Portland is fiercely proud of its locally sourced cuisine. That pride extends even to bagels. So, when Colorado-based Einstein Noah Restaurant Group bought the locally owned Kettleman Bagel Company in 2011, customers were dismayed. Bagel mavens no longer had a place to purchase their beloved boiled bagels, as the new owners soon discontinued the kettle-boiling process.
Fortunately, this void proved to be only temporary. Great local bagels are increasingly being found all over town. Says Bowery Bagels’ owner Michael Madigan, “People have jumped into the opportunity created when Einstein came (in).” Asked why Portlanders prefer local food producers, Madigan says, “It is in large part because of quality. There is a very well-founded belief, particularly in the food world, that we do it better here. Portland has this unique intersection for everything that you need for an end-to-end food shed … great farmers, ranchers and raw ingredients. We have craftsmen who like to make really good, really high-quality delicious products, whether that’s bagels or hot sauce or ketchup or whatever it might be.”
But does Portland have its own style of bagels? Local opinions differ. “Come on, it’s all about the New York style, right?” proclaims Noah Bernstein of Portland’s newest bagel company, Bernstein’s Bagels.
Rick Spielman of Spielman Bagels concurs: “”Because we innovated on the typical ‘New York style’ bagel by using a natural sourdough leavening, we first called them ‘Portland style.’ But that’s misleading and confusing. Our bagels are in the New York tradition – let’s say ‘New York-ish’ – with a neo-traditional twist provided by the natural leavening.”
No matter where you stand on the Portland versus New York bagel debate, one thing is hard to argue: there are some incredibly delicious bagels being made in Bridgetown these days. Spielman says, “Our bagels are uniquely flavorful. Yes, of course, they are boiled (they wouldn’t be bagels if they weren’t), and consequently they’ve got a great chew, a dense crumb and a lovely crust. But it’s their flavor that sets them apart. This ‘flavor-fullness’ derives primarily from our bagel-making process, namely, our unique use of natural leavening – a ‘sourdough starter’ – and not industrial yeast.” While Spielman’s most popular flavors are “everything,” plain and sesame, he has also branched out into more exotic flavors such as raisin-fennel.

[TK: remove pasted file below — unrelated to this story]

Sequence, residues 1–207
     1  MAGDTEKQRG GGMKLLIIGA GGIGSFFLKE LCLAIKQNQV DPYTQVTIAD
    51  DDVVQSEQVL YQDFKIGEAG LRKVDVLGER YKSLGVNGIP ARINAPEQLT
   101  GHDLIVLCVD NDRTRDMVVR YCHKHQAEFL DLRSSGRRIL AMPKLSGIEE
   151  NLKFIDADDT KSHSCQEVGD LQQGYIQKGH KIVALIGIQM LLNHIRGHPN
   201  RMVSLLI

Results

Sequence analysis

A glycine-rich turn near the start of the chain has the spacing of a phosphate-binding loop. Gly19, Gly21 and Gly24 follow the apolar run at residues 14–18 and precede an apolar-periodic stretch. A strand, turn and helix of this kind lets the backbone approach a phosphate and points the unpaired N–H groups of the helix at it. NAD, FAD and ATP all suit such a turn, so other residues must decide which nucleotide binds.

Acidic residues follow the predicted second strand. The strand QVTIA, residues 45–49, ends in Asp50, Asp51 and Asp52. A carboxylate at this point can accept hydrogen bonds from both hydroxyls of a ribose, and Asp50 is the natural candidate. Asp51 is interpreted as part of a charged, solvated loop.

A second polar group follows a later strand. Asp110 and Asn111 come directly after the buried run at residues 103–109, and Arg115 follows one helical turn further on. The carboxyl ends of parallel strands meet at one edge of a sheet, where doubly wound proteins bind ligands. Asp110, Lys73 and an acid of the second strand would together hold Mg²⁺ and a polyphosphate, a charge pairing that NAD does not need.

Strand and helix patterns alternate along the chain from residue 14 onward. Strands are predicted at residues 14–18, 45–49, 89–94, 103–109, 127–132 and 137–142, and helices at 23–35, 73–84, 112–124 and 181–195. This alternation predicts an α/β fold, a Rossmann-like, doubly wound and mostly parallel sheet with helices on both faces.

Jazz saxophonist-turned-bagelmeister Noah Bernstein takes a traditional approach. “Bagels are all about this crazy long tradition from 1600s’ Poland, to New York bagel union members breaking knee caps in the ’50s, to Lender’s and the rise of the bagel machine. But I just want a simple, hearty, savory boiled bagel that’s hand-rolled. I want it to be straight out of ’70s Brooklyn with nothing precious about it in the least bit. And that’s what I’m making.” Bernstein has been partnering with several different cafes, farmers markets and pop-up shops. While he does not yet have a brick-and-mortar store, he does provide a bagel delivery service. Orders may be placed via firstname.lastname@example.org.
Kosher parve Bowery Bagels have been celebrated in the pages of Portland Monthly and The Oregonian. There’s now such demand for these hand-rolled, fermented bagels that Madigan recently signed a lease on a 5,000-square-foot production facility. He has big plans for Bowery Bagels: “Once we have the capacity, (we aim) to open up three to five more shops in the Northwest over the next 18 to 24 months … initially in Portland but then eventually regional as well.” While Madigan grows the business, he is adamant about maintaining the tradition of quality that Portland is known for. “It’s all driven by the fact that customers enjoy our product and keep buying it, and we’re very grateful for that. Our aim is to maintain our quality and consistency even as we continue to grow,” he says.
Spielman is also expanding his bagel empire. “Within the next five months, we will have three big, beautiful retail locations in Southeast, Northeast and Northwest Portland,” he says. “Specifically, our remodel of 2111 SE Division should be finished in December; our recent acquisition of the former Einstein’s at 2200 NE Broadway is proving to be a huge success, and by next February we hope to open our doors on another former Einstein’s location at Northwest Lovejoy and 23rd.”
No matter how you slice it, Portland’s bagel scene is improving fast.
Where to find Portland bagels
Bernstein’s Bagels: facebook.com/bernsteinsbagels
Bowery Bagels: 310 NW Broadway
503-227-6674 | bowerybagels.com
Spielman Bagels: 2200 NE Broadway